All About Them Bones

Cooked? Air-Dried? Raw? Which bones are safe?

Cooked Bones

You go to the pet shop and ask someone for advice on which is the longest lasting treat for your dog.

The pet shop assistant advises a roasted bone. "These will keep your dog quiet", they say. 

But you've heard never to give your dog cooked bones. You reason with yourself that if a pet shop sells them they must be safe. 

Wrong! Cooked bones are NEVER safe.

Cooked bones become brittle when they're subjected to heating processes.  This means they are very likely to splinter with large shards coming off. If these are ingested, they have a high potential of causing damage as they pass through the body.

Cooking also creates a Maillard Reaction which makes them much harder to digest so a much greater risk of causing blockages.

The FDA report that problems reported to them by owners and veterinarians in dogs that have eaten bone treats have included:
* Gastrointestinal obstruction (blockage in the digestive tract)
* Choking
* Cuts and wounds in the mouth or on the tonsils
* Vomiting
* Diarrhoea
* Bleeding from the rectum, and/or
* Death

Note the use of the word 'treats' and not those accidentally stolen cooked bone. Actual treats designed for dogs!
There are a variety of commercially-available ham bones, femur bones, knuckle bones, etc.  ALL ARE DANGEROUS.

Not only are these products dried through baking but they may contain other ingredients such as preservatives, seasonings, and smoke flavourings. Smoke flavourings are a known carcinogenic.

Air-Dried / Dehydrated

If cooked/roasted bones are a no-no, are air-dried and dehydrated bones any better?

Dehydrated and air-dried bones are still processed. They are still ‘cooked’ to some degree.

We once stocked air-dried ostrich wings. We soon took them off our shelves and threw them in the bin! These were air-dried, and because ostrich bones are relatively safe (we discuss these later on), we assumed these would be too. We were wrong! As soon as dogs crunched them (even dogs with a softer bite) they shattered! Definitely a cause for concern with how sharp the pieces were! We will never stock them again.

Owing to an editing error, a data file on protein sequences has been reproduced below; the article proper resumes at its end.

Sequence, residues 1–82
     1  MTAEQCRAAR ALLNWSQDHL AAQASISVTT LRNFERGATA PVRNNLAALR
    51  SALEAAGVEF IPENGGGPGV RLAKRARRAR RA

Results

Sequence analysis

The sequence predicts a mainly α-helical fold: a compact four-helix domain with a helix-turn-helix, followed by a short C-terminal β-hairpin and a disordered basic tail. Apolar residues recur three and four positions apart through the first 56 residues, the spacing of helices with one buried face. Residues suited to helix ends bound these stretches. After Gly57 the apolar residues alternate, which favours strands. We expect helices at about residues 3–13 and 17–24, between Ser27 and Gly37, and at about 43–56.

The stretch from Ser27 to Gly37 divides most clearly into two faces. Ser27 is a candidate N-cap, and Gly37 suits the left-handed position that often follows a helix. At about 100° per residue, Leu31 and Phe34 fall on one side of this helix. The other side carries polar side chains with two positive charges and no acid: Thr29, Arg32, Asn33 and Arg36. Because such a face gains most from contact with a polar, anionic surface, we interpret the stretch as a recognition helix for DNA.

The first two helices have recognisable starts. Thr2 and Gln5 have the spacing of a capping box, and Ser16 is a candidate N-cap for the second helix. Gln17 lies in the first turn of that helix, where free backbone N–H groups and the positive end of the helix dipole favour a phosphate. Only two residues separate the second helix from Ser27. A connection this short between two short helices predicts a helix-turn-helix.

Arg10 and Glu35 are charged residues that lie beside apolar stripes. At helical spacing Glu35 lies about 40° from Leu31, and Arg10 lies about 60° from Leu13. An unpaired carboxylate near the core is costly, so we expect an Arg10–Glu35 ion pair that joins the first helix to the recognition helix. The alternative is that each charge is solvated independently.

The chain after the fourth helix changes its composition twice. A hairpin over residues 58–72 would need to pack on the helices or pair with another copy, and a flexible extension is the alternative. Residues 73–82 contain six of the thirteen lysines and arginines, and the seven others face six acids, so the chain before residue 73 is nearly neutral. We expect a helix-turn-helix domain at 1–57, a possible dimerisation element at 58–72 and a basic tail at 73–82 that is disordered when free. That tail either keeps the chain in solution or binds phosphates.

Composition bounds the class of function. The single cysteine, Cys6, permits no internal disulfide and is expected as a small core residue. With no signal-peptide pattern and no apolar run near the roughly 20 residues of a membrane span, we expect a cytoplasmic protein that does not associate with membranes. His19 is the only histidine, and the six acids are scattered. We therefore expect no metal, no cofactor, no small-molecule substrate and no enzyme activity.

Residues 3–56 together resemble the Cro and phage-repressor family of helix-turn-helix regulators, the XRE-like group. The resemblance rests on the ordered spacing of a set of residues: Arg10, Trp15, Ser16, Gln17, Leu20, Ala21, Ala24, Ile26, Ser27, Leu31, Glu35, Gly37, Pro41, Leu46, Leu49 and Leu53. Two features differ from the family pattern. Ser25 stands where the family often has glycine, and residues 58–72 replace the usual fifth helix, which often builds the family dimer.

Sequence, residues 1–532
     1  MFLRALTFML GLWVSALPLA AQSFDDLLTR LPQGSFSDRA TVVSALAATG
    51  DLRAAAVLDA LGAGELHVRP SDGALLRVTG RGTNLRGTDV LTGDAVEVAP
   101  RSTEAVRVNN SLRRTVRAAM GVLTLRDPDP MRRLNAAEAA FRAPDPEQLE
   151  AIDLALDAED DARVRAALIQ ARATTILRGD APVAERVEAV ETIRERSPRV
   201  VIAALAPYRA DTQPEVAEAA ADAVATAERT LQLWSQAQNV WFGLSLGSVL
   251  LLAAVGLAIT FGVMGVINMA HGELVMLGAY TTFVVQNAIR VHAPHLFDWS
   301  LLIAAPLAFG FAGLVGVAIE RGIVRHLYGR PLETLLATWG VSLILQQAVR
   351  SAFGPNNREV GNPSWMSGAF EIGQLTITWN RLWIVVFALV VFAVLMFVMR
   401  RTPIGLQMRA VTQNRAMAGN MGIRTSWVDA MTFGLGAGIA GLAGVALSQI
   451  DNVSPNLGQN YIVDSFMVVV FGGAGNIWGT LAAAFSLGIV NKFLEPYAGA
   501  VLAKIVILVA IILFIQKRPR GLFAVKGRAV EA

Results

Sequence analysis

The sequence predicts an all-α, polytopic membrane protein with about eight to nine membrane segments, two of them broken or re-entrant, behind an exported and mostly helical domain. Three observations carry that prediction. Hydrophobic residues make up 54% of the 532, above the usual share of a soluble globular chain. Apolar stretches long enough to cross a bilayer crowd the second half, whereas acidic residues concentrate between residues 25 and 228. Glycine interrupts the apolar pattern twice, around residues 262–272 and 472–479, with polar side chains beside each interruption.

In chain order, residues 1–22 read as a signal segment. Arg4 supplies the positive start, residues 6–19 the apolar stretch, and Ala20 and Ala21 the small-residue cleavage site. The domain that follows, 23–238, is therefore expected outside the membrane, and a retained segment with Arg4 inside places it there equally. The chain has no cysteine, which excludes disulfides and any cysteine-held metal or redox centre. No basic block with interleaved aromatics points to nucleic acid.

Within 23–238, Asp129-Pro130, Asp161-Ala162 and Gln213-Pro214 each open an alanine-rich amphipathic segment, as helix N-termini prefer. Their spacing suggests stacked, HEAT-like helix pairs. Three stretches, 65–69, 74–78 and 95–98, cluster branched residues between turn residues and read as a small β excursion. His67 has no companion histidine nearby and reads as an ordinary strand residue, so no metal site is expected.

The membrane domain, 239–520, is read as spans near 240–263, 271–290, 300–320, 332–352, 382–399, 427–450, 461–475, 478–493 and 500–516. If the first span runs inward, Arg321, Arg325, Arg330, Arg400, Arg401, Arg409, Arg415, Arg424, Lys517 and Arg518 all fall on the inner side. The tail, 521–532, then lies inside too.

If a retailer tells you that air-dried or dehydrated bones have no risk of splintering, it's time to find another shop!

A popular air-dried treat is a leg bone from a cow or deer. Leg bones are weight bearing bones such as cow and deer legs are a risk no matter what the cooking process, if they aren’t raw they have a higher chance of splintering even if processed at lower temperatures. However, there is another problem with weight-bearing bones.

Weight bearing bones are hard. Incredibly hard. They take the weight of the animal (and cows and deer have a lot of weight!). Some raw food manufactures don’t even process weight bearing bones with machinery as they break the machines! Yes they’re that hard! Now imagine the effect on your dog’s teeth when they go to bite it! 

Hollow marrow bones are usually from a cow femur. So again weight bearing. Not only do these bring the risk of breaking teeth, they are dangerous in another way. Many dogs have got their lower jaw stuck inside them.

Raw Bones

Ok so what about raw bones?

Raw bones are less likely to splinter and much easier for a dog to digest. 
Caution should be used with the size of bone to prevent choking. 

Weight bearing bones (knuckles and marrow bones) still provide a risk to teeth. You may have heard the terms edible and recreational bones. Weight bearing bones are recreational, they are not intended to be eaten. If they are meaty, it is good for dogs teeth to pick the meat off but once all the meat has gone, they shouldn’t be left to eat the bone. They are however, brilliant for making bone broth!

Edible raw bones, e.g. necks, feet, ribs, are all fantastic choices for dogs. They are soft (so not teeth breaking) and easy to digest (so less change of blockages) Just select the appropriate size for your dog and NEVER leave them alone with a bone (or any treat!). Also don't over feed or you'll end up with a dog that's constipated.

But you stock some bones!

Yes we do.

We stock plenty of raw bones and we can advise you on the best ones for your dog.

We also stock some dehydrated bones  We stock feet and necks that have bone.
We also stock ostrich bones.

The bones in feet and necks tend to be that small they crumble rather than splinter. 

Ostrich leg bones have a honey comb texture. This makes them less likely to splinter into sharp pieces.

We also stock goat and lamb trotters. These are a softer bone but the process of drying them can still make them splinter. We advise caution with these especially if your dog has a really strong bite.

In summary

No bones are risk free but cooked bones are by far the most dangerous. They are more likely to splinter, harder to digest and cause blockages and internal injuries.

Air-dried and dehydrated bones are still processed so still provide the same risk as cooked bones.

Weight-bearing bones commonly break teeth due to their density regardless of cooking process or fed raw.

The only bones we stock are the ones we perceive as the most safe.
Please note, what is suitable for one dog may not be suitable for another. It depends on eating style, power of their jaw, shape of their heads, etc.

Tilly's promises that we will never stock cooked bones!